Inconsistent behavior in handling shadowed functions

I notice some inconsistent behavior with how shadowed functions are handled. Is this intended behavior or is it a bug?

Consider this sequence and try to guess what it will do before trying it out:

axis = 10
clear axis
axis equal

If you type it at the Octave command prompt, it calls the function axis in command form:

octave:1> axis = 10
axis = 10
octave:2> clear axis
octave:3> axis equal
octave:4> # Here it creates a figure window with an empty plot

Now create a file called tmp.m and save the same three lines in it.

$ cat tmp.m 
axis = 10
clear axis
axis equal

Invoke it from inside Octave and it causes an error:

octave:1> tmp
error: parse error near line 3 of file /tmp/tmp.m

  axis: invalid use of symbol as both variable and command

>>> axis equal

Pass it as an argument to Octave and the same error happens:

$ octave tmp.m
error: parse error near line 3 of file /tmp/tmp.m

  axis: invalid use of symbol as both variable and command

>>> axis equal

Call Octave with redirected input and it works again:

$ octave <tmp.m
axis = 10

## An empty plot window briefly flashes here before exiting

I do not have a preference for whether that code should run or cause an error, but if it works in the REPL and then fails in a script file, it can make debugging of scripts very difficult, so having the same behavior in both environments would be preferable. Thoughts?

What does Matlab do for the same code?

I don’t have access to Matlab myself so I’ll wait for someone who does.

With Matlab R2022a, it behaves the same as in Octave when run from the command line.
When I put that code into a script, the linter that is integrated into their editor complains with: “Line 3: The current use of ‘axis’ is inconsistent with its previous use or definition (line 1).”
And the symbol that is supposed to indicate the “code quality” is red. That symbol is green when “everything is fine”. It’s orange if there are “suggestions” (like silencing output from an assignment with a semicolon). And usually it’s only red for a syntax error (e.g., if there are too many or too few end keywords or the number of opening and closing brackets don’t match somewhere).

However, when running the script, it still opens a figure with empty axes without any further error or warning.

So, it looks like they discourage that pattern. But they support it.

What happens if you use a function instead of a script?

function foo ()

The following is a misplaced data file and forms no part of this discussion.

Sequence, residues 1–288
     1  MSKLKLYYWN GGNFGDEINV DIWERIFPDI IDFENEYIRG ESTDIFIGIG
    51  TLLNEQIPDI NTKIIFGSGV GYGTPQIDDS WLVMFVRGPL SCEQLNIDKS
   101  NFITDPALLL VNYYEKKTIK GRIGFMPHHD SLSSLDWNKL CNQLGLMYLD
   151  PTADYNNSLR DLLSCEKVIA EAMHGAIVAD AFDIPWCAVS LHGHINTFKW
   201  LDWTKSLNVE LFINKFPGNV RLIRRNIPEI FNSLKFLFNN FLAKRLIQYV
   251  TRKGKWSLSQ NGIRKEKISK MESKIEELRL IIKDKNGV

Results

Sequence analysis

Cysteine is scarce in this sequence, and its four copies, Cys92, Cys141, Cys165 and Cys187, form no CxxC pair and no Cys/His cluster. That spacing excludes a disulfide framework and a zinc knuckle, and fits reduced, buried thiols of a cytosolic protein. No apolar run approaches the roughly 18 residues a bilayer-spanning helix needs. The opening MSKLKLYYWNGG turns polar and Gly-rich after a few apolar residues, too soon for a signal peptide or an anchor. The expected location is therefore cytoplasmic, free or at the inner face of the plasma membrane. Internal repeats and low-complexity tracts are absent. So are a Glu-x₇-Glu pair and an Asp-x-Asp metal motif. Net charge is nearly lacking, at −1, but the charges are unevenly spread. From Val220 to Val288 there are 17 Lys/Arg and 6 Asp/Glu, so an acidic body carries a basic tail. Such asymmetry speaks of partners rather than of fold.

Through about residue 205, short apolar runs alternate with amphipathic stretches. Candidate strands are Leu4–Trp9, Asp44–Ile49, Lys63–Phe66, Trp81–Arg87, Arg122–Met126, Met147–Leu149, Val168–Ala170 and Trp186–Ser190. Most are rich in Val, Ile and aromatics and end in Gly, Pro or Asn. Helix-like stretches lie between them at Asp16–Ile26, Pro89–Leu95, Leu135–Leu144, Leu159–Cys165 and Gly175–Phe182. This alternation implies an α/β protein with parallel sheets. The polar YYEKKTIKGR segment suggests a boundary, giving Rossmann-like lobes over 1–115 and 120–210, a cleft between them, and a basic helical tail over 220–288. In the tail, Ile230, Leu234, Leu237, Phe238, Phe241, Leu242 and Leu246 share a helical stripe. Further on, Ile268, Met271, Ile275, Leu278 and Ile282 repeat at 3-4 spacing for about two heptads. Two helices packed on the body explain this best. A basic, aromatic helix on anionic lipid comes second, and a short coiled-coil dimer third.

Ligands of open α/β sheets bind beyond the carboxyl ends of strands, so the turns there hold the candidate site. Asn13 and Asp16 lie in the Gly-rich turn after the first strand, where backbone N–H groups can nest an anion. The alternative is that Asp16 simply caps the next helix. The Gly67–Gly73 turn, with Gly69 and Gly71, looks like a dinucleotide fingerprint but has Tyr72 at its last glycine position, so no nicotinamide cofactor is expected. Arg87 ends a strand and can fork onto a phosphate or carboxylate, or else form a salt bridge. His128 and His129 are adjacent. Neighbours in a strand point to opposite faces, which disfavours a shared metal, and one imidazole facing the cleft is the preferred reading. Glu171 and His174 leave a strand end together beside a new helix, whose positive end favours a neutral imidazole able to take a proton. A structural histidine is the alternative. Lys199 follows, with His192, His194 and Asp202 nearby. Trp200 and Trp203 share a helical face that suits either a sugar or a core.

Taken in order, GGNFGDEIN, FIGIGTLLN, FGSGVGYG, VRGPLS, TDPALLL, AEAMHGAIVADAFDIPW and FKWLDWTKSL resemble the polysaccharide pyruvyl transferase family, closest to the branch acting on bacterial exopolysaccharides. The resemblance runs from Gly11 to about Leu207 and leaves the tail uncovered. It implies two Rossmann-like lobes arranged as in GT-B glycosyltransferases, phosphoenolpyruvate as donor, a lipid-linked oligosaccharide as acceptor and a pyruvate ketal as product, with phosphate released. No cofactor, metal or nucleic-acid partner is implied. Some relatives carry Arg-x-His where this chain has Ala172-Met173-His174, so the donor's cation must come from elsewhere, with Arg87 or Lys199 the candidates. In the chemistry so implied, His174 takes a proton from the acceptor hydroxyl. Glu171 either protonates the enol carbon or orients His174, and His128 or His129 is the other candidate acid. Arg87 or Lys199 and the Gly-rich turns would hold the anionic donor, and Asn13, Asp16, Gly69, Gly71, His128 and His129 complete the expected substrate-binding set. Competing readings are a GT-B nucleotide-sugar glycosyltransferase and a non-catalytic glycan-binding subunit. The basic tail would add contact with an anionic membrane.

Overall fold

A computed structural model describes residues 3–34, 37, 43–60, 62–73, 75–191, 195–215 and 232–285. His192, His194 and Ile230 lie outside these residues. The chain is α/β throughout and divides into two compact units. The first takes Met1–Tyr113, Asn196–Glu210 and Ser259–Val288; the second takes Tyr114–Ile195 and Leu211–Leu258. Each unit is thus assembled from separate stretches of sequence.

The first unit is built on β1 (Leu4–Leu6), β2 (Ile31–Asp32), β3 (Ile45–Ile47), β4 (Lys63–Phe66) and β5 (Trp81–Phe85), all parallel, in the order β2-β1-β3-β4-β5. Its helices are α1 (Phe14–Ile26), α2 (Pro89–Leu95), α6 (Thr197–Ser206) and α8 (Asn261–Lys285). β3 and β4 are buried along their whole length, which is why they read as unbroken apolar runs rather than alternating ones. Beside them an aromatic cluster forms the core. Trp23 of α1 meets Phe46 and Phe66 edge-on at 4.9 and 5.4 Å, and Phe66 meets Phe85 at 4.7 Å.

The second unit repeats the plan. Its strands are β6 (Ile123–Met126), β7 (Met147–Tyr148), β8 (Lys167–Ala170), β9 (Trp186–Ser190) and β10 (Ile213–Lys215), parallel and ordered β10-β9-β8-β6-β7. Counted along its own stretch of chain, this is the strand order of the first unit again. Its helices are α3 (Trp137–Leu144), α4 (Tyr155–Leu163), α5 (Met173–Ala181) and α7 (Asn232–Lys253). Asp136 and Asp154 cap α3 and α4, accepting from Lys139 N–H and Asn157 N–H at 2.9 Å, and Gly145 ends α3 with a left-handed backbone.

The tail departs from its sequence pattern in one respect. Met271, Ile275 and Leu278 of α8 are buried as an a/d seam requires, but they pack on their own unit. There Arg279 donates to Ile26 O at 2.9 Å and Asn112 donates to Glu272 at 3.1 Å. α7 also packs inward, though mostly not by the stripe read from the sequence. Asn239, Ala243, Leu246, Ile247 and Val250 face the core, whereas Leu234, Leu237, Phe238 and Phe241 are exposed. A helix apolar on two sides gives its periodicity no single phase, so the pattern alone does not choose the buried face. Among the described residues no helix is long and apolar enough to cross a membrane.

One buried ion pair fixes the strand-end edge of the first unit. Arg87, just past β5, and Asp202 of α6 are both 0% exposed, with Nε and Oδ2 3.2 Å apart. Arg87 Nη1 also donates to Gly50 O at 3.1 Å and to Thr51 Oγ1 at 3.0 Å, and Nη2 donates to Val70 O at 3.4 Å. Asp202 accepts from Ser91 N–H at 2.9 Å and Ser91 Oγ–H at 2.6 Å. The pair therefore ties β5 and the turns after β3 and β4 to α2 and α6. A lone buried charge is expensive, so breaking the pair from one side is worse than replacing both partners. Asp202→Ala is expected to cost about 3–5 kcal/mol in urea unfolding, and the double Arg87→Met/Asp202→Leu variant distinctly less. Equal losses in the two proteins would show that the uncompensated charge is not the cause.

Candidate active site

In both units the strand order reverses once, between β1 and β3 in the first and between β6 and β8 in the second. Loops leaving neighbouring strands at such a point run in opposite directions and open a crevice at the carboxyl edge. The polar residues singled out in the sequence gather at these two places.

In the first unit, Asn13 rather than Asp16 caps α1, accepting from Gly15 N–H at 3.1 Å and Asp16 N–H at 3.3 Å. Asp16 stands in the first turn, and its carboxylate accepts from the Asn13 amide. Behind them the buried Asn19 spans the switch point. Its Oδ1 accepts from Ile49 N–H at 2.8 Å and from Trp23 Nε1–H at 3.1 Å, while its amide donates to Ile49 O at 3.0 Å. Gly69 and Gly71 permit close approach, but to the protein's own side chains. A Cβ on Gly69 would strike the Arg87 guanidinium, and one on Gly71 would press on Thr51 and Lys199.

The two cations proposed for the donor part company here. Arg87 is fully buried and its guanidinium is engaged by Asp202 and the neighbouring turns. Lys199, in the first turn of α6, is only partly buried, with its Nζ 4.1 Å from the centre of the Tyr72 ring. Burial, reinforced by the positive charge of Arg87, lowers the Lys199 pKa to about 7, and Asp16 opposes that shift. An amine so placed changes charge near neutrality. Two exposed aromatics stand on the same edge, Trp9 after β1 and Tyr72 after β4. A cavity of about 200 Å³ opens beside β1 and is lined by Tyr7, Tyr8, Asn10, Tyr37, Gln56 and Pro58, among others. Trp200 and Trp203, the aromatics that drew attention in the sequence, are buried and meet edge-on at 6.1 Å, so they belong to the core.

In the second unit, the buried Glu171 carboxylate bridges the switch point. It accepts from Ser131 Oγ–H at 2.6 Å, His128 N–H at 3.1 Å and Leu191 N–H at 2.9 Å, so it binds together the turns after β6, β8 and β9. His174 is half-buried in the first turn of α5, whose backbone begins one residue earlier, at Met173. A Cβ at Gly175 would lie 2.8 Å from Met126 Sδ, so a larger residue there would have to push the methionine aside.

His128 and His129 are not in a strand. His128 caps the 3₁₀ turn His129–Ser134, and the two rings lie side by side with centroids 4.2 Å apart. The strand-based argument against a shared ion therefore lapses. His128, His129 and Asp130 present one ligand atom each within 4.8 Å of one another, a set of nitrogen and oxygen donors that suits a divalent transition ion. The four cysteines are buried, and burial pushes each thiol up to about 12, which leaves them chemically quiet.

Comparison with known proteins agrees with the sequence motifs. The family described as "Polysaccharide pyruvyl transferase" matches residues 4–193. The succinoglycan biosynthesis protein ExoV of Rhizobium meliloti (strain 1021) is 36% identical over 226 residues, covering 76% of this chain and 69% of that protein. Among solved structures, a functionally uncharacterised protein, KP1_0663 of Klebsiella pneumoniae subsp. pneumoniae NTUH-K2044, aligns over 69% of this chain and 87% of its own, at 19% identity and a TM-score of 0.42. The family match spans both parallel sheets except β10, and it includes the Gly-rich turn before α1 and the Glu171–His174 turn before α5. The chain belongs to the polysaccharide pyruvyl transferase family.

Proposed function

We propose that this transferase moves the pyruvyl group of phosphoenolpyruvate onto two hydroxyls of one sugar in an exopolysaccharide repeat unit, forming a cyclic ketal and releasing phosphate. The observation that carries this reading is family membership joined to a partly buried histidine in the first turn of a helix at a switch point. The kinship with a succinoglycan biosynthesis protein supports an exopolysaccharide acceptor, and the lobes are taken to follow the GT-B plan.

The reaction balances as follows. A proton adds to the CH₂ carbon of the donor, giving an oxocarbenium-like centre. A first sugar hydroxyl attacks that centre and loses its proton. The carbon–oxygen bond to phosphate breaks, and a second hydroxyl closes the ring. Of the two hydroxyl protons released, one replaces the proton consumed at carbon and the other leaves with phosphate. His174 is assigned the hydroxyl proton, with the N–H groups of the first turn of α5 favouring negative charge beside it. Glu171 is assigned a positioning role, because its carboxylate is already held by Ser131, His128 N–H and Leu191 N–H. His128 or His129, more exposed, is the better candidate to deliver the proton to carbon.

axis = 10
  clear axis
  axis equal

Is there no warning or error about using axis as a variable and later as a function?

I seem to recall that we discussed something like this the last time I worked on bug related to command-style function parsing.

Maybe the difference is that now there is no ambiguity detected here because Matlab is always parsing the axis equal statement as a function call and then only searching for functions instead of doing “normal” symbol resolution that first checks for variables, then functions?

In the context of a function Matlab issues an error:

>> test_shadow_clear
Error: File: test_shadow_clear.m Line: 4 Column: 3
Using identifier 'axis' as both a variable and a command is not supported. For more information, see "How MATLAB Recognizes Command Syntax".

That is kind of inconsistent imho.
But maybe scripts are treated more like command line input (where recovering from shadowing a function needs to be possible).

Octave parses an entire script before executing any of it, so in that sense it is like a function except that it can’t accept any arguments and it executes in the same scope/context of the calling function (or script).

At the command line, Octave executes code a single line (or statement, if it spans multiple input lines) at a time. So by the time it parses the axis equal statement, there is no axis variable because it has already been cleared.

When input comes from redirection, Octave doesn’t know that there is a script file containing the statements. It is just reading the standard input stream one line at a time, similar to command line input.

Also note that these are different:

$ octave foo.m    ## command line file execution, parse entire script file and then execute
$ octave < foo.m  ## redirection, parse and execute each line (or statement) sequentially

EDIT: I should also add that with redirection, Octave doesn’t actually know that redirection has happened. That is set up by the OS / command interpreter. Octave only knows that it is reading commands from some input stream that was not named as a file in the list of arguments passed to Octave.

If one considers the difference between input from the command line (or redirection) vs. a script vs. a function as an inconsistency, both Octave and Matlab act inconsistent (though in a different way). Since Matlab also (partly) treads that code as incorrect in a script (linter error), why not go the whole way?
I’m not sure if we need to follow Matlab exactly here. Imho, it’d be ok to keep Octave as it is in this respect. (And I wouldn’t be surprised if Matlab went the same way at some point in the future…)

Retaining current behavior is OK. The one place it can surprise the user is during early stage / exploratory coding: typically I incrementally build a statement at the REPL like clear; statement1; statement2; statement3; whos and keep appending new statements to the end of the line after examining variables. Once everything is running correctly, I save the long line with 10 statements as the initial version of a script file and add line breaks. The Octave behavior would cause an error at that point, but since the error message is clear, it should be possible for the user to change variable names and fix the script.